Why Invest in Silver: Demonetization Theory

silver growth

Credit: Piqsels

Overview

Since the 17th century, most world powers started using paper currency as the dominant form of the financial transaction. As the world’s superpower, the United Kingdom was the first country to rule in favour of paper money as a practical form of trade as opposed to the gold. Other countries such as Germany and the United States followed in the 1870s.

Importance of Silver

Despite the demonetization of gold, experts often forget that silver always remained an important component of trades throughout human history. In fact, the old sterling silver was a standard of trade exchange for a long time. Theoretically, the only method for monetization of gold and silver is if the current financial setup fails to deliver. As a result, any drawback in the current capital structure is likely to increase the value of a metallic currency. In fact, current global recessions have forced experts to rethink monetization of gold and silver coins. If such a catastrophe occurs, silver definitely going to play an integral role in the global economy.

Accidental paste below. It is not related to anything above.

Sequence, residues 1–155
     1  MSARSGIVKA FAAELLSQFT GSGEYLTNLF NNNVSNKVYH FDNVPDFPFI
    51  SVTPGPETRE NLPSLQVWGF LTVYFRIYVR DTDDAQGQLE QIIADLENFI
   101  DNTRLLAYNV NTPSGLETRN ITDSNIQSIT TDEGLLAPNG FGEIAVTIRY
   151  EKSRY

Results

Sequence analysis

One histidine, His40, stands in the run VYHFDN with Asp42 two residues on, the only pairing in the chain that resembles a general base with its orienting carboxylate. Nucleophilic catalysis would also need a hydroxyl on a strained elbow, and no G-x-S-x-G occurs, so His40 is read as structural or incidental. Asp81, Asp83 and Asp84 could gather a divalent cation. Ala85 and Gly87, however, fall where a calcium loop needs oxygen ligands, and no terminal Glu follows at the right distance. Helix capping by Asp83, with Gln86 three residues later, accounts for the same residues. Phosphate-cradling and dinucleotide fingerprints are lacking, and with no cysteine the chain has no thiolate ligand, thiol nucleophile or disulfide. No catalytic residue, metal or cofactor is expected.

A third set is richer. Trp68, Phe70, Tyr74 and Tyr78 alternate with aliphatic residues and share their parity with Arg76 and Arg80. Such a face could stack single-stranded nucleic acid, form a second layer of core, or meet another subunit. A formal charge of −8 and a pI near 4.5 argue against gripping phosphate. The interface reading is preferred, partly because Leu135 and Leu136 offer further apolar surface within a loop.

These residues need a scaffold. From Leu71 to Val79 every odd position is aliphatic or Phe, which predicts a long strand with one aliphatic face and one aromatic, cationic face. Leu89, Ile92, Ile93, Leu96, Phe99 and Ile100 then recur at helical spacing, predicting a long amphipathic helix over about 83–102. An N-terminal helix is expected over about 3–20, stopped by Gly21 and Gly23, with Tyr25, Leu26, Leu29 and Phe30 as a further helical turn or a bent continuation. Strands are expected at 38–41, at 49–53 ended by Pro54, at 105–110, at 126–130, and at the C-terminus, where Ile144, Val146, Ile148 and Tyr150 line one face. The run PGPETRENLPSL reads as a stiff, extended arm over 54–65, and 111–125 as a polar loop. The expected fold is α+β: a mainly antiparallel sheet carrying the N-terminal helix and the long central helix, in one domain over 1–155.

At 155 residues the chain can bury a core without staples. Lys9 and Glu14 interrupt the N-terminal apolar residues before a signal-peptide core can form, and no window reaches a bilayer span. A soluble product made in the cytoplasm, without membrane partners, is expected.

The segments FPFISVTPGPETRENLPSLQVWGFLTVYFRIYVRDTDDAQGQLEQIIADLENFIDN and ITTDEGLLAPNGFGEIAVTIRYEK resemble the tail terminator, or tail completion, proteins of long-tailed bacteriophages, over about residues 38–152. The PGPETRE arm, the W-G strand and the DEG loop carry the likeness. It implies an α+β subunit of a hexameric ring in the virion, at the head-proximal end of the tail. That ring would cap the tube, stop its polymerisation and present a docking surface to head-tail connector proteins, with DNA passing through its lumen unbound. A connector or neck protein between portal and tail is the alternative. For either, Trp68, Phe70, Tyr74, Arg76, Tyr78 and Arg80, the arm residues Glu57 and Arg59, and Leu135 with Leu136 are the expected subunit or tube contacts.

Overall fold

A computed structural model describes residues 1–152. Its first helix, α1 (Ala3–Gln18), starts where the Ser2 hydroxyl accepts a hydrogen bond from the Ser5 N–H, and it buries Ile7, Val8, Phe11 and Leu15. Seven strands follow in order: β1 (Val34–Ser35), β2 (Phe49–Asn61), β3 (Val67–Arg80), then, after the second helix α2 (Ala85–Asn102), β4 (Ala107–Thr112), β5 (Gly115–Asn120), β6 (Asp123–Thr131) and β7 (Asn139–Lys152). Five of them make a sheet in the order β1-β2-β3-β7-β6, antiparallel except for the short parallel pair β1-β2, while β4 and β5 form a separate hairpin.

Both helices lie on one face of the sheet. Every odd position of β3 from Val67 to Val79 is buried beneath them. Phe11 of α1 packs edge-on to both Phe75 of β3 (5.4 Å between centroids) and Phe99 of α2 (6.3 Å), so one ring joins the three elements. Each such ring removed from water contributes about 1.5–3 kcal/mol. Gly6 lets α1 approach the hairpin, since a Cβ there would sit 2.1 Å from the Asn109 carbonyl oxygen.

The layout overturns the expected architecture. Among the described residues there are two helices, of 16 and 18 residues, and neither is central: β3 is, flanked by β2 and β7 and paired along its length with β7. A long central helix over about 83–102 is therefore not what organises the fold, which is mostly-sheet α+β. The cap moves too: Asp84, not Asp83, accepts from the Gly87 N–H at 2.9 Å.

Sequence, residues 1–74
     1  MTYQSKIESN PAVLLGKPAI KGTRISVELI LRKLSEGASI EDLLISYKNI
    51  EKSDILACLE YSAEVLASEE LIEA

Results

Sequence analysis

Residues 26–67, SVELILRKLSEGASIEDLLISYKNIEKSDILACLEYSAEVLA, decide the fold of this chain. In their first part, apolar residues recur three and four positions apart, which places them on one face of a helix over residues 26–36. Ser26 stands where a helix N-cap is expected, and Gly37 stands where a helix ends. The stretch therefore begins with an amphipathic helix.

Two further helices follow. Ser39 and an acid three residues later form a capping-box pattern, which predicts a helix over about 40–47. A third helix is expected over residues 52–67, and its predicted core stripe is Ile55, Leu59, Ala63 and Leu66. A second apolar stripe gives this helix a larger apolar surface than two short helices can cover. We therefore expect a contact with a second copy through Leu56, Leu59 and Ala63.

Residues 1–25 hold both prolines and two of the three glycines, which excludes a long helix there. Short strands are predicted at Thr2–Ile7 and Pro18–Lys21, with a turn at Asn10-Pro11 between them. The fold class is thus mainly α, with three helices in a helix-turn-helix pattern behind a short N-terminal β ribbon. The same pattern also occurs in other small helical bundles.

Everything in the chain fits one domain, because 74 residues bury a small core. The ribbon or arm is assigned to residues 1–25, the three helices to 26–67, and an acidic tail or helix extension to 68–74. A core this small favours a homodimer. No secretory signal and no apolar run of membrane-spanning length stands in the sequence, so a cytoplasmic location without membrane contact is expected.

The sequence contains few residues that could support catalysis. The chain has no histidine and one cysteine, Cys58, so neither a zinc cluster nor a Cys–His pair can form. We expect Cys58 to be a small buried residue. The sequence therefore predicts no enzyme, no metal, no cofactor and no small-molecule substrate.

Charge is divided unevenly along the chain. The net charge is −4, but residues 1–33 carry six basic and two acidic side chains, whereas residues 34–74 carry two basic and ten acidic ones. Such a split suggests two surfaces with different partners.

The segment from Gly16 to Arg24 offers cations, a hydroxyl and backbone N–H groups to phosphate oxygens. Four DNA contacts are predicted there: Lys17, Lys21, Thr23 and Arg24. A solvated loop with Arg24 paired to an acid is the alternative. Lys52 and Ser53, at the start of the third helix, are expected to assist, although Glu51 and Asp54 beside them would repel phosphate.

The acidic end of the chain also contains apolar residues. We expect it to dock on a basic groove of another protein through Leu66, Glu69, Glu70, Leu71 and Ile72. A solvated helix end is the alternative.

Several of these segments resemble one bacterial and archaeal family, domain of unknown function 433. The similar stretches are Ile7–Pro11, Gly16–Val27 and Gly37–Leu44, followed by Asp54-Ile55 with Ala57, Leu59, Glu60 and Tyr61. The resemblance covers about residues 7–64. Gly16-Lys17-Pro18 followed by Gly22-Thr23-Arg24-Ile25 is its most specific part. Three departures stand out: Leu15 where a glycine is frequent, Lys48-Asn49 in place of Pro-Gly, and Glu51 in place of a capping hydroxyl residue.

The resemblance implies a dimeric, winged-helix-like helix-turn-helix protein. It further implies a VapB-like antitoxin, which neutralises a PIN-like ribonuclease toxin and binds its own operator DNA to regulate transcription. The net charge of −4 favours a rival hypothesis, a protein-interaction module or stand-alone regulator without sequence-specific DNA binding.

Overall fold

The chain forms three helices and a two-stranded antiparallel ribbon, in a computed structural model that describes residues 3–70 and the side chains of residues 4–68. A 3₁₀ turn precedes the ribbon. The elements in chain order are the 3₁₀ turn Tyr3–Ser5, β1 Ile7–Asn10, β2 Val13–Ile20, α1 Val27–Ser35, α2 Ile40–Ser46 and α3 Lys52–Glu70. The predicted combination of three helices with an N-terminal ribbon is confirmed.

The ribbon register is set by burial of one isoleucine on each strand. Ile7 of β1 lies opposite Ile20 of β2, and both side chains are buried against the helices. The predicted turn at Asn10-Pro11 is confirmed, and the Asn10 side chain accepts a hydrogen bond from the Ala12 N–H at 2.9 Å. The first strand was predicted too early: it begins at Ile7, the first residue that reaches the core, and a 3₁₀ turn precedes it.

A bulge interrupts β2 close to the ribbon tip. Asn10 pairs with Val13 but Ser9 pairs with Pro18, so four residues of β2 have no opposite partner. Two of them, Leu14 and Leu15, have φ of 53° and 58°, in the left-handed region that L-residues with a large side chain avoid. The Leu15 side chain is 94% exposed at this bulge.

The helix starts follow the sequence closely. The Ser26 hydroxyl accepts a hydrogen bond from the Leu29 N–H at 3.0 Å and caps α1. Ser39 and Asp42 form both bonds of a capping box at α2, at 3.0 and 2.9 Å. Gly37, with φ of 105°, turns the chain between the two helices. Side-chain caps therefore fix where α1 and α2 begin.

Worldwide Usage

Unlike gold, silver is distributed more widely around the world. Due to its uses in industry and related economies, silver deposits are found in every household around the world. This is in stark contrast to gold, which has a very high price making it impractical for everyone to own. Furthermore, the largest economies including the United States have banned ownership of gold. In such circumstances, owning silver makes sense because governments would not be able to restrict the flow of silver investment due to its industrial application and a wide array of usage. Overall, experts and financial experts cannot discount the importance of silver as a major metallic currency because silver always remained people’s money ever since the coin was invented. In contrast, gold was used for larger transactions.

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